Has Clinton Written Off Working-Class White Men?
The Democratic convention in Philadelphia this week was a shrewdly planned, well-choreographed, star-studded celebration of diversity, inclusion and social justice. A party now dominated by progressives also tried reaching out to moderate or defecting Republicans with decorated veterans, some tough talk on national security and passionate displays of patriotism. But for the white working-class men drawn to Donald Trump – the very voters who were for decades the foundation of the Democratic Party -- the message was clear: We've pretty much given up on you.
The convention, which started on a divisive and dramatic note with leaked emails showing the Democratic National Committee had favored the candidacy of Hillary Clinton over Sen. Bernie Sanders all along, ended up, by most accounts, a great success. Yet it also illustrated what polling shows – that the ascendant coalition in the Democratic Party of women, young voters and non-whites may no longer find common cause with blue-collar white men.
From the multi-gender bathrooms to the initial speaker lineup Monday of Ivy League graduates to comedian Sarah Silverman referencing her therapist at the podium, the show at times had all the makings of a parody about an elitist party far too focused on identity politics and out of touch with the heartland. At one point there was applause at the mention of the word abortion, a staggering turn-around from the days when Bill Clinton insisted abortion should be safe, legal and rare.
It didn't help that when asked by PBS, halfway through the convention, about Hillary Clinton's trouble attracting white working-class males, House Minority Leader Nancy Pelosi said: "I think so many times white, non-college-educated white males have voted Republican. They voted against their own economic interest because of guns, because of gays, and because of God."
The drift away from rural America, from gun owners and pro-life voters who once found a home with Democrats in spite of some cultural differences, didn't start with Hillary Clinton's candidacy. But a fissure that began with a new coalition then-Sen. Barack Obama built to win election and then re-election, appears in a Trump vs. Clinton race to be nearing a complete separation. Guns and abortion are no longer the flash points that trade policy and immigration have become for white men who believe Democratic policies are responsible for wage stagnation and job loss.
For Clinton herself the reversal is stark. These voters once loved her husband. And in 2008 Hillary Clinton openly questioned Obama's weak support among "hard-working Americans, white Americans," insisting she had a "broader base" to win with. She pummeled Obama in the primary contests in states like Pennsylvania and Ohio and Kentucky with large rural populations by winning white men. It was in a defensive reference to these voters that Obama used a version of Pelosi’s “guns, gays, and God” riff to explain his failure to connect. It was thought at the time to be a gaffe. Now it’s apparently a strategy. Eight years later, many of these voters crossed over into the Republican primary to vote for Donald Trump. And Bernie Sanders also found a willing audience among them for his message of anti-Wall Street economic populism.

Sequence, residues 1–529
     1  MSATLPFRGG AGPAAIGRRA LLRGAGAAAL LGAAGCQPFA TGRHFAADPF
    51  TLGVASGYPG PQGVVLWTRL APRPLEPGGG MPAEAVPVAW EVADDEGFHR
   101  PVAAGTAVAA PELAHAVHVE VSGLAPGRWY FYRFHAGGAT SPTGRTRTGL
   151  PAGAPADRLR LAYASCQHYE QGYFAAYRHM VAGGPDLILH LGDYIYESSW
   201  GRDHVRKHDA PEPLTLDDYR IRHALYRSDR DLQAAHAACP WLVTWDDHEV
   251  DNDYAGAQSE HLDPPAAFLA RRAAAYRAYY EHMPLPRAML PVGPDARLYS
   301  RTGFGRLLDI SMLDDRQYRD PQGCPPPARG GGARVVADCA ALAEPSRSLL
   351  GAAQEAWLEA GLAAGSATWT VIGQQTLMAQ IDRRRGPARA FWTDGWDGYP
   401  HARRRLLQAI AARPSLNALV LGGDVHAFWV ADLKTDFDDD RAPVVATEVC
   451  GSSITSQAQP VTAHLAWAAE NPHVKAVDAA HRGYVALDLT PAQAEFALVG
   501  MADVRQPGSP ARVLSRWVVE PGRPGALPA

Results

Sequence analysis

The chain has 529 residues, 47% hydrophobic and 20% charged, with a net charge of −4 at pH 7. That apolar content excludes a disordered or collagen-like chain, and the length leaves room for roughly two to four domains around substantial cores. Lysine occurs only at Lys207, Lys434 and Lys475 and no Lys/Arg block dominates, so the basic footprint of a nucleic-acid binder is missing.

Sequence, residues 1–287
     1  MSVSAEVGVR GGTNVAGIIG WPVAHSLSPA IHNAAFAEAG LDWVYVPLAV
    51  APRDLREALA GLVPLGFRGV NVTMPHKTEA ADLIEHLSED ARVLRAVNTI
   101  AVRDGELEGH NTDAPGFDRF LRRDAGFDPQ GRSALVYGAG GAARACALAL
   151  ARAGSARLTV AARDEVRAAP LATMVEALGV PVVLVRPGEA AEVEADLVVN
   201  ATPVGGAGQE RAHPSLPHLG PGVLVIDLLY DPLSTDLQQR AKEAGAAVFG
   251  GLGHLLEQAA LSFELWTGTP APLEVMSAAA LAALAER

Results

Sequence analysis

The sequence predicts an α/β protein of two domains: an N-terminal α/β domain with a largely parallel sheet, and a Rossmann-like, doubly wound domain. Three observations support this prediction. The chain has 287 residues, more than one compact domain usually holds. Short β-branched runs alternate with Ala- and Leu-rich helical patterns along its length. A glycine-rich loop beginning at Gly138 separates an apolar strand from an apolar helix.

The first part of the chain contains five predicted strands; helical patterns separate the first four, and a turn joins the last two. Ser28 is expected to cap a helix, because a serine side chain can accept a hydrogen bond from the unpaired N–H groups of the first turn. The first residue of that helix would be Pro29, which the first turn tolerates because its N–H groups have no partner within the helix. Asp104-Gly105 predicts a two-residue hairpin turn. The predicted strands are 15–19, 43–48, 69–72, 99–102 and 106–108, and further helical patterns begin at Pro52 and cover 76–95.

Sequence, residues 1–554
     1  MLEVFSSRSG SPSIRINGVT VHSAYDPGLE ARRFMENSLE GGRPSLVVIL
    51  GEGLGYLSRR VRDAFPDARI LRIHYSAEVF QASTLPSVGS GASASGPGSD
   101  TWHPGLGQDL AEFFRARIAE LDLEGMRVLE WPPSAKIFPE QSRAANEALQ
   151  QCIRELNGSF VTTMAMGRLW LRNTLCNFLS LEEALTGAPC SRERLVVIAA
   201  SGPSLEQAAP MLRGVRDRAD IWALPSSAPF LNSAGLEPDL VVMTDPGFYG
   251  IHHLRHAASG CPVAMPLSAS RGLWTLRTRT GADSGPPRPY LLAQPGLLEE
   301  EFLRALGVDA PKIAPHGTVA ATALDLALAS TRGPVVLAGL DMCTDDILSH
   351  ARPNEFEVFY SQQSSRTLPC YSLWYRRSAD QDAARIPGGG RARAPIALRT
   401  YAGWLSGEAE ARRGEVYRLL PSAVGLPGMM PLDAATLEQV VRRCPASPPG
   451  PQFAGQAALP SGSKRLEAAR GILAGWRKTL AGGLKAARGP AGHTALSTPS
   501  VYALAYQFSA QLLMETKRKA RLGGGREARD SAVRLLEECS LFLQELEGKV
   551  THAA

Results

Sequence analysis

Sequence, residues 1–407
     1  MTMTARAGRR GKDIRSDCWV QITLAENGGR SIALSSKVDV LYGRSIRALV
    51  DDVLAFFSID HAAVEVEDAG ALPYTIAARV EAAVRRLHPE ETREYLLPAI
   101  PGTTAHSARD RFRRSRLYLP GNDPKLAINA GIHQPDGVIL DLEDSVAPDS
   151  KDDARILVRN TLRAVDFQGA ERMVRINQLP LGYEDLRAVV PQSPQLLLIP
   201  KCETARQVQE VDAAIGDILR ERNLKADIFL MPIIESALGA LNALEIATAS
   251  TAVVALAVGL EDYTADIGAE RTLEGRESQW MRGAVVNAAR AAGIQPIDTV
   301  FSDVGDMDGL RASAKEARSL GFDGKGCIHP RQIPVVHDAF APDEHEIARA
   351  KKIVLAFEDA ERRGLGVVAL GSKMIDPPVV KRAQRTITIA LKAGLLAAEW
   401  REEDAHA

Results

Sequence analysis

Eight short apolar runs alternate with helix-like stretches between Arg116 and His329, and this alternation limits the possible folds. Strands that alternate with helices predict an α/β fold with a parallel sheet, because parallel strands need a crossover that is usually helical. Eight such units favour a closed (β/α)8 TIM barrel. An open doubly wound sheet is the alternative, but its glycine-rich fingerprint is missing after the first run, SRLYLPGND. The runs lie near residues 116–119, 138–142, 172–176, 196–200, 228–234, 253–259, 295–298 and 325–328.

Not only did Clinton, and her fellow speakers, not focus much on the issues energizing blue-collar white men, but their anti-Trump message – that America is already great – will be interpreted as dismissive of their disaffection. It's clear that many, if not most, of these voters will agree with Trump's rejection of the Democrats’ declarations, because they aren't feeling the blind optimism expressed from the podium in Philadelphia. And four days of trumpeting about American exceptionalism, once the province of the GOP, won't make them think America is great right now.
Clinton paid lip service to these voters in her nomination speech Thursday, saying the Democratic Party is the party of working people and conceded it hadn't done a good enough job of showing them it understands what they are going through. She mentioned steelworkers, bad trade deals, and plant closures -- “some of you are frustrated, even furious,” the nominee said. But she blended talking points about Main Street vs. Wall Street with an appeal to reduce money in politics by overturning the Supreme Court's Citizens United decision -- not exactly top of mind to a coal miner in Kentucky watching his industry evaporate.
Trump’s new post-convention leads among non-college whites range from 23 to 39 percentage points, and some polls show Clinton's negative ratings among this group at higher than 70 percent, worse than Trump's negative ratings with women. Yet Clinton is not giving up on these voters. Not only will she campaign in coming days in Ohio and Pennsylvania, where unions are scrambling to hold back Trump voters, but she plans to use Catholic white male surrogates like Vice President Joe Biden and vice presidential nominee Tim Kaine to reach out to them. Bill Clinton plans to do the same, heading into white rural counties across America in September, bracing against fierce headwinds over NAFTA to try to persuade a former constituency to return to the fold.
Hillary Clinton may win in November, but it’s safe to say she will lose white men badly. Just as Trump will have to speak to the women and non-whites he has alienated throughout his campaign should he become president, Clinton will have to lead a group of Americans who feel completely divorced from her party. Their towns and cities are hurting, their jobs are disappearing, they will never have the life their parents had and they don't think their kids can either.
They aren't going anywhere.